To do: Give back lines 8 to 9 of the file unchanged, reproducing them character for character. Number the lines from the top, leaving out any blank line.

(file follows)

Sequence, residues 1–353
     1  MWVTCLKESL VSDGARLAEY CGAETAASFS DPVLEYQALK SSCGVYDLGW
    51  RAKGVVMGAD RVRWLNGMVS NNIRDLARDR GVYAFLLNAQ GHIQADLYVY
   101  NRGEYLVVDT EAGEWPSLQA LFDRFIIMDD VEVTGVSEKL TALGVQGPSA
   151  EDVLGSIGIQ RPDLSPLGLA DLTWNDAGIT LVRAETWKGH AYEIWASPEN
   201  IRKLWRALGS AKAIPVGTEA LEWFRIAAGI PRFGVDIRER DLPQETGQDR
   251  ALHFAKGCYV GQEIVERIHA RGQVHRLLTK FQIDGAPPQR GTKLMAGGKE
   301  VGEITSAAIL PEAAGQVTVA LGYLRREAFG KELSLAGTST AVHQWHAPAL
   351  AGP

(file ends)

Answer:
   301  VGEITSAAIL PEAAGQVTVA LGYLRREAFG KELSLAGTST AVHQWHAPAL
   351  AGP